Not a “best of” anthology but a showcase of how our switched-up storytelling series has evolved over the past decade.
No, YOU Tell It! (NYTI) is a nonfiction development and reading series where storytellers first work together to create their true tales on the page, then swap stories to embody each other’s experiences on stage. We value cooperation over competition, supporting participants as they produce personal stories from the inside out.
I have been working on our NYTI elevator pitch for the past ten years — for approaching potential storytellers, for marketing materials, for our website (once we got one). Hell, I’ve even recited it in an elevator. But no elevator ride seems long enough. It is impossible to capture all the connection, knowledge, laughter, tears, and joy No, YOU Tell It! manifests before the doors open and the ride ends.
The series began as an experiment in 2012 when I gathered four friends with varied creative backgrounds — Jorge Cordova, David Harrell, Jeremy Holmes, and Erika Iverson — to provide artistic and emotional scaffolding for each other as they wrote and traded true tales. All four brought in stories that wrestled with their different religious upbringings. Thus the first show theme, “Religion,” was born.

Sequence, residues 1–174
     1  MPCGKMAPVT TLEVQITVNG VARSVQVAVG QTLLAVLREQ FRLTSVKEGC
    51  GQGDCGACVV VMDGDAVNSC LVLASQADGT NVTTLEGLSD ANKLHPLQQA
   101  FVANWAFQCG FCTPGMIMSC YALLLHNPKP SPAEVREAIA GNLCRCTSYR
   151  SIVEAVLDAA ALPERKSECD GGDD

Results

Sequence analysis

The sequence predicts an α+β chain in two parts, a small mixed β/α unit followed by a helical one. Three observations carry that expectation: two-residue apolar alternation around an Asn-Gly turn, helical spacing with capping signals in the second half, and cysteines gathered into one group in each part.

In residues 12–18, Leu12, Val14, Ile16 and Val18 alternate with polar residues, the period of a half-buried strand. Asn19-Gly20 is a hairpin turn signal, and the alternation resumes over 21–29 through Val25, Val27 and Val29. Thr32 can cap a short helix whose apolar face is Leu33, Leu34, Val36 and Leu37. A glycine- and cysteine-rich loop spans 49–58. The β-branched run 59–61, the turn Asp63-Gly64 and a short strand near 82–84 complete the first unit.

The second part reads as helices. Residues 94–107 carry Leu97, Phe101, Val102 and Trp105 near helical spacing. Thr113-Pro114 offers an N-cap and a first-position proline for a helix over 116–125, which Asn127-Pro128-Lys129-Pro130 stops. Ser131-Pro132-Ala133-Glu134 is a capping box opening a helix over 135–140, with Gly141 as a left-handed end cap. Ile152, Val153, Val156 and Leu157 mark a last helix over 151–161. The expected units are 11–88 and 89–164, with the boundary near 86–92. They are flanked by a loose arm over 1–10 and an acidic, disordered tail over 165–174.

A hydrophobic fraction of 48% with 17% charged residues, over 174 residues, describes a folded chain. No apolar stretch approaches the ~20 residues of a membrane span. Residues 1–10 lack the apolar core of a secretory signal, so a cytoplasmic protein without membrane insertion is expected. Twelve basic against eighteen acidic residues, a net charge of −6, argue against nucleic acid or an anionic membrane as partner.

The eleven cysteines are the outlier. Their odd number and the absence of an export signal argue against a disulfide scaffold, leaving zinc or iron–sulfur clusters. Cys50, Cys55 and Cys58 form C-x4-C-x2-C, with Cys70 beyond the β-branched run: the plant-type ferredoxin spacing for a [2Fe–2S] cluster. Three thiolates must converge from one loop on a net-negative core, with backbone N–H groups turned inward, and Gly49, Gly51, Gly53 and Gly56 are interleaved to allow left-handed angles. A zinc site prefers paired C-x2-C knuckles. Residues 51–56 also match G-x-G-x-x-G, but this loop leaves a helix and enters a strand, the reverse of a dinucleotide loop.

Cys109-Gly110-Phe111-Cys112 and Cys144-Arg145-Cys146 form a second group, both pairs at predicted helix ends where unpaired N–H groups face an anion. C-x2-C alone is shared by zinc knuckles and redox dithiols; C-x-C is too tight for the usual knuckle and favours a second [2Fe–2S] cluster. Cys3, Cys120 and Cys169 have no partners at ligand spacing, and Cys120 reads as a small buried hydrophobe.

That show is also an origin story for one of my favorite aspects of No, YOU Tell It! We’d rented a small studio space for the performance and were running out of room for the audience, so I asked the storytellers to sit up on stage. Afterward, so many people shared how much they loved watching the author’s face as their partner performed their story, we’ve had the story partners sit up on stage together ever since.
No, YOU Tell It! is unique in that it asks participants to tell each other’s stories. There is an extra effort involved, but there is also a kind of freedom. For that first show, Erika wrote a raw story about her mother’s recent death. At one point in developing it she turned to her story partner, Jorge, and said,
“I don’t think I can read this out loud. But I can let you read it.”